Favorite Games (part 2)

Previously when I explained my favorite games, I avoided spoilers. This time spoiling is unavoidable. Also last time the games were fairly old. Instead, these are recent. If you like, read this as my “favorites of 2012” list.

Proteus: I’m not a spiritual person, and I’m even less religious, but there’s something to Proteus I can’t explain. It’s a meditative experience. It’s a mirror for introspection. It’s a simple game, but I’m awed by the simplest sights: an apparition, a giant tree, statues that change the sky, and mushrooms that change the sound. With subtle musical interactivity, even common things—rain, snow, the cycle of day and night—make me grin. Proteus makes me feel like a kid jumping in puddles.

Beyond these simple moments, I think there’s a greater metaphor in the seasons of Proteus for the seasons of life. The first time I completed the game, I rushed to see all of the “content,” and then it was winter and it was too late to return. In playthroughs since then, I’ve forced myself to slow down and appreciate the many strange little things (bees!).  I can’t guarantee everyone will have the same experience with Proteus, but I know it’s made me a better person.

Thirty Flights of Loving: When I watch action movies, I want the escapism of unreality, but also something tangible. This balance is difficult, or so the average (awful) action movie would suggest. I think that’s why the heist and spy subgenres are so successful. There’s inherently more human drama than in most action movies. Thirty Flights fits in these subgenres, but it’s more successful for juxtaposing the extremes of reality and unreality through its montage of interactions. Action movies say that happiness is explosions, riches, and sex. Thirty Flights says that happiness is peeling oranges, riding motorcycles at dawn, and examining museum exhibits. It tells me, “don’t wait for big moments to be happy; little moments are beautiful too.” These simple, even mundane, human experiences are delivered so powerfully, Thirty Flights is worth your time.

Note: I know. I’m hopelessly sentimental.

Favorite Games (part 1)

A few years back during something like a job interview (sort of) I was asked about my top ten favorite games. I was unprepared, and I explained poorly. More recently I’ve wanted to write articles about my favorite games, assessing why they’re good. Yet my thoughts are still too unstructured to complete these would-be articles. As a temporary substitute, here’s an unordered list of several favorite games, and my condensed reasons why.

Banjo Kazooie: Much of my love for this game, I admit, is nostalgia. Yet when I replay it, the level design still surprises me. Levels for 3d platformers can be simple obstacle courses and still be fun for it (see Mario 64), but they can be more. Often the levels in Banjo Kazooie follow the imaginative themes of childhood adventures: a pirate island in Treasure Trove Cove, a jungle in Mumbo’s Mountain, or Egyptian ruins in Gobi’s Valley. The same adventurous themes are typical of Calvin and Hobbes comics, and my lego constructions as a kid. Other levels represent more abstract ideas. Freezeezy Peak captures winter and holiday joy, as does Mad Monster Mansion with Halloween. The best level, however, is Click Clock Woods, which embodies time through seasons, and (by extension) life. I think there is something inherent to platforming mechanics that suggests an arrow of time; collectibles can’t be undone (Mario can’t walk backwards). Before I realize it, I’ve completed the game, I’ve “grown up,” and there’s no going back.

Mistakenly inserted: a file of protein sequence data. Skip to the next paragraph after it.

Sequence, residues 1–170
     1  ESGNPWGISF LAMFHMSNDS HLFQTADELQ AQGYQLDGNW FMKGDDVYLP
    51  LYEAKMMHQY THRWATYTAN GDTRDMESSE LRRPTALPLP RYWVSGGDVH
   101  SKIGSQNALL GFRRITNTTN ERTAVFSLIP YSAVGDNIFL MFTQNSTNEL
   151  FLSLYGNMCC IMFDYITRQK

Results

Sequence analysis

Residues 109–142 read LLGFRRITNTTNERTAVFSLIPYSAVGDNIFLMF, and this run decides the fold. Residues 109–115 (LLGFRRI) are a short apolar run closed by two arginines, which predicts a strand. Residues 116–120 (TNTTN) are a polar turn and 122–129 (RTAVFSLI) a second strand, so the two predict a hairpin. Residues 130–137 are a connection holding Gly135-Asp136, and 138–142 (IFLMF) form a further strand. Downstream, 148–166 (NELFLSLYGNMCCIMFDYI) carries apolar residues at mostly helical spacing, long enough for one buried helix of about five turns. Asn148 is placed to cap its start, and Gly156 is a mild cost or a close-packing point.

Psychonauts: The reason for my love for Psychonauts overlaps with my reasons for Banjo Kazooie. The game is a powerful coming of age story, with glimpses of a deeper hero’s journey, and the last level is a wonderfully Freudian conflict. The gradual isolation in the hub level that sets in with nightfall is almost as effective for me as Banjo Kazooie’s Click Clock Woods. I don’t want to spoil the experience here, so let me focus on level design instead. Levels can be expressionistic creations and biased narrators, but instead our industry is obsessed with realism. Levels can be characters, and this is where Psychonauts succeeds. The Milkman Conspiracy explains a character through level design alone, and the result is more powerful and more subtle than possible through text or voiceover. This took a remarkable amount of trust. Another level, Black Velvetopia, is a self contained narrative overflowing with symbolism. Even though the design in Psychonauts is sometimes sloppy, the narrative, emotional, and stylistic power is seldom matched.

Super Mario All Stars: I specifically mean the snes version of Super Mario Bros because I can’t speak for the original. There’s not much nostalgic bias here. I first played the game when I was young, but I was never very skilled, and I don’t think I ever made it past world 4 (even with the first warp zone). This year I finally completed the game, and in the many times I’ve replayed it since, I continue to discover. At the moment—and I expect this will change—I think the best way to understand Mario is to compare it to music, especially Bach. The individual voices/mechanics are simple, but the complex interaction and variation on themes creates a powerful whole. Level 5-3, for example, is identical to 1-3, except for the addition of bullets, but the design changes completely. There are patterns to the levels in Mario, but repetition always says something new, which can’t be said of the repetitive gameplay loop in most games. To me, Mario is the exemplary of elegant game design.

I hope my thoughts encourage you to play these great games.